Mixed non-fluent aphasia is applied to patients who have sparse and effortful speech, resembling severe Broca’s aphasia. However, unlike persons with Broca’s aphasia, they remain limited in their comprehension of speech and do not read or write beyond an elementary level.
In Wernicke’s aphasia the ability to grasp the meaning of spoken words is chiefly impaired, while the ease of producing connected speech is not much affected. Therefore Wernicke’s aphasia is referred to as a ‘fluent aphasia.’ However, speech is far from normal. Sentences do not hang together and irrelevant words intrude-sometimes to the point of jargon, in severe cases. Reading and writing are often severely impaired.
Anomic aphasia is applied to persons who are left with a persistent inability to supply the words for the very things they want to talk about-particularly the significant nouns and verbs. As a result their speech, while fluent in grammatical form and output is full of vague circumlocutions and expressions of frustration. They understand speech well, and in most cases, read adequately.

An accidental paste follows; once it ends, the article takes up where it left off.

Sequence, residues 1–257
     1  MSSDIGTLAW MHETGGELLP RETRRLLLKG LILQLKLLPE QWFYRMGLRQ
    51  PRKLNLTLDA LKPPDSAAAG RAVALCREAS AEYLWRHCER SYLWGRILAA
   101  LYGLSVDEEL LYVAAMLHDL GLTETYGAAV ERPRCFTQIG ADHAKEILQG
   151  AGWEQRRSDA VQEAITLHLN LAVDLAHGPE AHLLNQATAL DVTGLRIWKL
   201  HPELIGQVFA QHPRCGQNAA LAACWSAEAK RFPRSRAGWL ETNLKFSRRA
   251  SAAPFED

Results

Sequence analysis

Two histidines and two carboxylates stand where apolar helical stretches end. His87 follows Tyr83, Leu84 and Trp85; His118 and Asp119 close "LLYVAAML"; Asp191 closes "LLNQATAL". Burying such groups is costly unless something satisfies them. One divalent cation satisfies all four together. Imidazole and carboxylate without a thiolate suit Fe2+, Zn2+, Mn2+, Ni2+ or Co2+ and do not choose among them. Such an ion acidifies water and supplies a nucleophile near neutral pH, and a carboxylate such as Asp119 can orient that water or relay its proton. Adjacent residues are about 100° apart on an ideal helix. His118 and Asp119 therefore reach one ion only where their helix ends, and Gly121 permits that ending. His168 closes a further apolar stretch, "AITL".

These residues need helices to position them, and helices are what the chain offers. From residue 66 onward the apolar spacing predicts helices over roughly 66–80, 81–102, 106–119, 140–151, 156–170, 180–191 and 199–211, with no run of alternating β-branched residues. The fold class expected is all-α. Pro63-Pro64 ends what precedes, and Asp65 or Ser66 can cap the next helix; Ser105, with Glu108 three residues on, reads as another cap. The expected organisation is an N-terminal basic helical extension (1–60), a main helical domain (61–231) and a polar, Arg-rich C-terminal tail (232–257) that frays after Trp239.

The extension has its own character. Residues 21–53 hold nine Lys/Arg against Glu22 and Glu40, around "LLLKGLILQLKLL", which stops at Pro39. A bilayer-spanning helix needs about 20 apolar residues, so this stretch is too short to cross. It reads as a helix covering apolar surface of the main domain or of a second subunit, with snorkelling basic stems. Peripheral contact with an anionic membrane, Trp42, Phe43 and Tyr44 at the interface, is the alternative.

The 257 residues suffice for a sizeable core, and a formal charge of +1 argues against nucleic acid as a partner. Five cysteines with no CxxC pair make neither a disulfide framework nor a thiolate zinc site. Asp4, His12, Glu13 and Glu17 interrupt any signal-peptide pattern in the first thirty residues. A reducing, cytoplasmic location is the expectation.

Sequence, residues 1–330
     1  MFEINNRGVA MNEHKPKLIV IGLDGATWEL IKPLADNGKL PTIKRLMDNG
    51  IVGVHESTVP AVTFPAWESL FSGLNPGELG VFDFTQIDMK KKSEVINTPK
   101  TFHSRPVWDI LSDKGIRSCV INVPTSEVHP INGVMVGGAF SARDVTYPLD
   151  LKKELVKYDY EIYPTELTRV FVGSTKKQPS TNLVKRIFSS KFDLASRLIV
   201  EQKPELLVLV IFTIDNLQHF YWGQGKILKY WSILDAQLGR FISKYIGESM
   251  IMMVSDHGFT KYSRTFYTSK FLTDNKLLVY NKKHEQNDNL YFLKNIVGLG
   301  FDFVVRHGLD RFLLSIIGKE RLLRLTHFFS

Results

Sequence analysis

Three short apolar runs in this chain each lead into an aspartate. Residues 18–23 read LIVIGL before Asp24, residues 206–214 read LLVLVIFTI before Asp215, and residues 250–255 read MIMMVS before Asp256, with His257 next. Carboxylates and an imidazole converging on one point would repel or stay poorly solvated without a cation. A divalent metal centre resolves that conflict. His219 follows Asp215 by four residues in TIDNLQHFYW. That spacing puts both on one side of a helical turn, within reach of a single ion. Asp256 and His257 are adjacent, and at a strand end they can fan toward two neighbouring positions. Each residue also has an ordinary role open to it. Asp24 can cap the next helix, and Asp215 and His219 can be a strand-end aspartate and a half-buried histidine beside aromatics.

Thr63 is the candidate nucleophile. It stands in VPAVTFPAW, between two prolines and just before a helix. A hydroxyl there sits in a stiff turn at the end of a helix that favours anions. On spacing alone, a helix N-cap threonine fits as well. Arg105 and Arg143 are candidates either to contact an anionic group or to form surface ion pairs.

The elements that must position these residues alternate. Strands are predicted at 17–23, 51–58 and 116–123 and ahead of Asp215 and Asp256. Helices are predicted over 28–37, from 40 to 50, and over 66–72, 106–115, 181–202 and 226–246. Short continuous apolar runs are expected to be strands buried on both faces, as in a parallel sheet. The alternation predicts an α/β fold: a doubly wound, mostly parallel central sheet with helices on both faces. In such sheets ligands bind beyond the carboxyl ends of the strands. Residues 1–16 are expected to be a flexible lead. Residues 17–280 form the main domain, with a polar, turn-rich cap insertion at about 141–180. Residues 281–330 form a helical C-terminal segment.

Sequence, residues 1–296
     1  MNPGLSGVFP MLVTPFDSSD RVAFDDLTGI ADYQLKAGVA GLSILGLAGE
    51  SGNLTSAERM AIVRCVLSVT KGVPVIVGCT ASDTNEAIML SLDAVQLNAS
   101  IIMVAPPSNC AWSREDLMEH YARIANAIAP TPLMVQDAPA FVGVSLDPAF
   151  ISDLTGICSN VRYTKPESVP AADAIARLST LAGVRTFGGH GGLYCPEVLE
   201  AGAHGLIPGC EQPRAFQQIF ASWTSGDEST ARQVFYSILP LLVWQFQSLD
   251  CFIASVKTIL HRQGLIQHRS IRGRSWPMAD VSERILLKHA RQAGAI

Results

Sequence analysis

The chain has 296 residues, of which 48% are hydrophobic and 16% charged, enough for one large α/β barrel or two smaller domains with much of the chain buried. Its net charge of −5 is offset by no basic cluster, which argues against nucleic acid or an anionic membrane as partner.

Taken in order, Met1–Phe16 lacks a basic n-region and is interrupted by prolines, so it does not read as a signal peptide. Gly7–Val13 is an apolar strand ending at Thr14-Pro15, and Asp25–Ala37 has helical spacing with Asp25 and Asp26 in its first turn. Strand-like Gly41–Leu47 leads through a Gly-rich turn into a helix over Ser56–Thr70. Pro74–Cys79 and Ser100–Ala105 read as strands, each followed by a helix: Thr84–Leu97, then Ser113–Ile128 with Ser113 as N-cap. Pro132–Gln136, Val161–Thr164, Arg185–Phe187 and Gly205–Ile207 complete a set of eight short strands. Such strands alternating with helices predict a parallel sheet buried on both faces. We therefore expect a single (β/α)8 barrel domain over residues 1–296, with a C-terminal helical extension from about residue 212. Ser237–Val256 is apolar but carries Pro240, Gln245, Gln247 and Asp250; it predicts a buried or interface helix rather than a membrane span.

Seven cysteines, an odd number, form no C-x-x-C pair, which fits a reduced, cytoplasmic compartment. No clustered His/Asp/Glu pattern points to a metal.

Difficulty finding words is as evident in writing as in speech.
Perseveration is susceptibility to interference from previous stimuli. In some cases this shows up as being unable to shift to a new category or activity. Behavior may also be continue inappropriately, for example, drawing extra loops when copying a multi-loop design. It may result from difficulty in disengaging attention from a stimuli.
In addition to the foregoing syndromes that are seen repeatedly by speech clinicians, there are many other possible combinations of deficits that do not exactly fit into these categories. Some of the components of a complex aphasia syndrome may also occur in isolation.
This may be the case for disorders of reading (alexia) or disorders affecting both reading and writing (alexia and agraphia), following a stroke. Severe impairments of calculation often accompany aphasia, yet in some instances patients retain excellent calculation in spite of the loss of language.